The comprehension gap only adds to the complexities of quantum ethics when we consider that those who will apply the ethics in the form of legislation – i.e., politicians – won’t understand the technology at all. Collision of the tech-political worlds was put on display last summer during Congressional hearings on Big Tech in which members of Congress asked elementary and transparently uninformed questions that the Big Tech company executives struggled mightily to answer without condescension – and that was about social media, a technology every politician uses (one media wag said the hearings at times seemed more like an extended Facebook help session).
There’s a truism that when it comes to business, politicians first do too little, then too much. This could pose a problem for FAANG and other companies pursuing quantum that are accustomed to asking for forgiveness, not permission, from local, state and federal governments and regulators.
Perhaps companies in the quantum sector should look for guidance from Germany’s approach to governance of autonomous vehicles. Led by the country’s transportation minister, an ethics commission was assembled and deliberated on the matter with religious, intellectual and other societal leaders, along with technologists and car makers. The commission’s 2017 report recommended that all AVs let humans take control, that if an accident occurs in which the car is in control then the automaker is liable, that AVs can’t be programmed demographically (such as deciding that an elderly person should die before a baby), and other matters. If these ethical constraints make it harder to produce AVs then so be it – ethics before technology seemed to be the commission’s overriding priority.**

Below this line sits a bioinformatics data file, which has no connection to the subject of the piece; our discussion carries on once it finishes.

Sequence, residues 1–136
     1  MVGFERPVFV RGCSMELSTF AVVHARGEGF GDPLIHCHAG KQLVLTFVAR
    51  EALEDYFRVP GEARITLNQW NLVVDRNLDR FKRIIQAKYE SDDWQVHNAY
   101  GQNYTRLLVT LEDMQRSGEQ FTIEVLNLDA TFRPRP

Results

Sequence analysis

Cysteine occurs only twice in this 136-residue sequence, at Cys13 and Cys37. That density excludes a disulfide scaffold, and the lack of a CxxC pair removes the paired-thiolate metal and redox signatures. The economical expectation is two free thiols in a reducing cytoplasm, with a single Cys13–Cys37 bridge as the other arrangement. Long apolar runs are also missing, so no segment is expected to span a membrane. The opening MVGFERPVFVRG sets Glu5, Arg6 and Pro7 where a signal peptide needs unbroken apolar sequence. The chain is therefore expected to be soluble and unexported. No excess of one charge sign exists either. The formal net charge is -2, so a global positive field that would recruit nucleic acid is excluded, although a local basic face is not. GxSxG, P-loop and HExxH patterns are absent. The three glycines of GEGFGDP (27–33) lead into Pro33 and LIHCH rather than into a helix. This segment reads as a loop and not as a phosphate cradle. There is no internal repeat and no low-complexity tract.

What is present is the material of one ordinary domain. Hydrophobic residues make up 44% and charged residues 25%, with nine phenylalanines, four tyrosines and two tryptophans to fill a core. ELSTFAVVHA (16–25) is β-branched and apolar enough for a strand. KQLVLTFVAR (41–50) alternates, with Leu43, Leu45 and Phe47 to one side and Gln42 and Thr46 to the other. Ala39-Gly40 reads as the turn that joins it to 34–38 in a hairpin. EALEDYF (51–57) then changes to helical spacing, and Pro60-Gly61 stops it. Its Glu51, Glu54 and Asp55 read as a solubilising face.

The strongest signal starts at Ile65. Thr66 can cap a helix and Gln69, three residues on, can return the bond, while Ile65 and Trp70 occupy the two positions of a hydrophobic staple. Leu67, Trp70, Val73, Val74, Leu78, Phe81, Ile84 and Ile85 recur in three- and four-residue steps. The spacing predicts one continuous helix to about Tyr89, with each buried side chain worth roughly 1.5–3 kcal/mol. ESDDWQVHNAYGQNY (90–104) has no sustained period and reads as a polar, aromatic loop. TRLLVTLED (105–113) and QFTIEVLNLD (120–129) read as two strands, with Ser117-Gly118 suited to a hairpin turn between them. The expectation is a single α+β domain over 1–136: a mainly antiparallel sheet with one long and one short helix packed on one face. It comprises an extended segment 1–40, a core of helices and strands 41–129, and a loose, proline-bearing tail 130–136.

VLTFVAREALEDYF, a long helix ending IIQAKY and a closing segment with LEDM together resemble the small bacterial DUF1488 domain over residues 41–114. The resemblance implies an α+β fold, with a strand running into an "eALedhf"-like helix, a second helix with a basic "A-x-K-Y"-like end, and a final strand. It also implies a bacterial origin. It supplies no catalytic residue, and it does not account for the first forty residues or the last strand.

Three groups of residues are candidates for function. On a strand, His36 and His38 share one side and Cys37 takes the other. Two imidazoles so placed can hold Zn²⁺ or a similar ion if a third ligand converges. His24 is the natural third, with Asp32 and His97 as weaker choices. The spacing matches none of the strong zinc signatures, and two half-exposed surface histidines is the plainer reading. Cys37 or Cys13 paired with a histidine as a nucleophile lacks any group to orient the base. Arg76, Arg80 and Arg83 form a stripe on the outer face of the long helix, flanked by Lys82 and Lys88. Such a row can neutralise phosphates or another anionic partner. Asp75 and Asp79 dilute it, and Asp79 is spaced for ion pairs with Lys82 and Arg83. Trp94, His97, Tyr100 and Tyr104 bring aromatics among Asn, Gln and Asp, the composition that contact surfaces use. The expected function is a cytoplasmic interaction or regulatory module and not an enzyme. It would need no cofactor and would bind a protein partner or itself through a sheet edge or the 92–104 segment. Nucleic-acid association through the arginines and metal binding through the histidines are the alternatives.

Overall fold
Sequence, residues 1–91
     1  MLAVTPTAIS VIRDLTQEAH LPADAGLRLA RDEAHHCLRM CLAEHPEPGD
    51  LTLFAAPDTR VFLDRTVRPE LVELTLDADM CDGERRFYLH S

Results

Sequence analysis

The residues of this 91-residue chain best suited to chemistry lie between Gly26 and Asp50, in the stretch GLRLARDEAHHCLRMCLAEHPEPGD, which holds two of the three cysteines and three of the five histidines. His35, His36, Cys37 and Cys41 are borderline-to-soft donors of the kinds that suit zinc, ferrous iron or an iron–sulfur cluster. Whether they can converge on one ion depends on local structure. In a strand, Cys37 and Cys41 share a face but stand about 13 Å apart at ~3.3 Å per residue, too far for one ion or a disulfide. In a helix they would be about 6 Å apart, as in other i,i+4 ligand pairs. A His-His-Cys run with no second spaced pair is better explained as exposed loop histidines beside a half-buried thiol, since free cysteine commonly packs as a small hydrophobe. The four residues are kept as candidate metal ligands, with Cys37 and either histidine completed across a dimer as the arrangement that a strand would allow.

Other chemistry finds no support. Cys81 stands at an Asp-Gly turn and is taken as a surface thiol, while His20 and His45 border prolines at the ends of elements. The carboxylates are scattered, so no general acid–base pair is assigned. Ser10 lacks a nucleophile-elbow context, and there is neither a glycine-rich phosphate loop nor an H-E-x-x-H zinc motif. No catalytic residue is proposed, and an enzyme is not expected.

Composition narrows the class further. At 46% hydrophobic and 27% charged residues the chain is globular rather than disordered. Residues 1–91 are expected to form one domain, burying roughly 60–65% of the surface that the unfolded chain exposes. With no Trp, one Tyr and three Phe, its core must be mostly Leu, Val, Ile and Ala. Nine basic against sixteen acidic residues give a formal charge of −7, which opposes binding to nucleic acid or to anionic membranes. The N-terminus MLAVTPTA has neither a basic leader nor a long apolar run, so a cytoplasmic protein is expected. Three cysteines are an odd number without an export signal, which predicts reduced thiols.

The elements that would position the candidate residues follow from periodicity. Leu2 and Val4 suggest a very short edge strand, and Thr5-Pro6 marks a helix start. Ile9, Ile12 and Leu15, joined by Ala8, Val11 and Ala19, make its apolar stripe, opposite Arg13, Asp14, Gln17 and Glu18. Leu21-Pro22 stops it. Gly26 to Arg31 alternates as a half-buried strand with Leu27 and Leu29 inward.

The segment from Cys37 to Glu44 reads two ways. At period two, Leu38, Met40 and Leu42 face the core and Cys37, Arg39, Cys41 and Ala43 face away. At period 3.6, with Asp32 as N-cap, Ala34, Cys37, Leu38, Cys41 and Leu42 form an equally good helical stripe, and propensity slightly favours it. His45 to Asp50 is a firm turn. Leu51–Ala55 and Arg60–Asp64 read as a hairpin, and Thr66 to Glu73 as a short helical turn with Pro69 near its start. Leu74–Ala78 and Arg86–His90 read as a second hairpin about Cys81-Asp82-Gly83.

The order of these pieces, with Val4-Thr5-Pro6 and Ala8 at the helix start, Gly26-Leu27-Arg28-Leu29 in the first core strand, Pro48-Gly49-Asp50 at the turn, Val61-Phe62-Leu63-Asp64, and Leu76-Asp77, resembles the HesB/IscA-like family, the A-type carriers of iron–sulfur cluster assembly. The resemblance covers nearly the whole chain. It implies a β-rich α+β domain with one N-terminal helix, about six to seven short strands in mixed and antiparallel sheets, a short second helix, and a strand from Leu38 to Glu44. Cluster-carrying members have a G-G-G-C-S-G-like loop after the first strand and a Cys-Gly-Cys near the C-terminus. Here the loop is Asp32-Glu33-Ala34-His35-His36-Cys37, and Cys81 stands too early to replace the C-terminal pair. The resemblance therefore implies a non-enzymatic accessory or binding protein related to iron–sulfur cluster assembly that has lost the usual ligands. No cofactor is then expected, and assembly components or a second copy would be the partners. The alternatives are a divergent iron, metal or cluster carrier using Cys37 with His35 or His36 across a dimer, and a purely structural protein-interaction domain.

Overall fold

In that vein, one the experts who participated in the video, Ilyas Khan, CEO, Cambridge Quantum Computing, urged the quantum community not repeat the ethical lapses of previous decades.
“My generation was asleep of the wheel in the 90s,” Khan said. “The pursuit of various different returns overcame our sensibility. If you think 100 years ago, 150 years ago, when mass media first made its appearance in the form of newspapers that millions of people would read, we put controls in place. When railways started to emerge, we put controls in place. In the mid-90s, the combination of the internet revolution and what happened with mobile telephony, we gave up, there were no controls. Now, societies get very excited about things like (the financial crisis of) 2008, and 2009 and the so-called bankers that were at fault, but this is a far, far bigger issue that we’re facing today – because of being asleep of the wheel in the 90s, and the 80s.”
Considering quantum’s potential powers, and the natural concern of the bottom 99 percent who can only stand in uncomprehending awe before that power, an ethics-first approach may be the right way to guide quantum through its development if it is to be accepted, not feared, by society at large.
As one of the experts in the video, Nick Farina, founder, EeroQ Quantum Hardware, has said, “The early stage of quantum computing is not a reason to delay ethical considerations, it’s actually a great opportunity to create ethical frameworks in advance of large scale impact.”
** Source: Steve Conway, senior adviser, HPC market dynamics, at industry analyst firm Hyperion Research.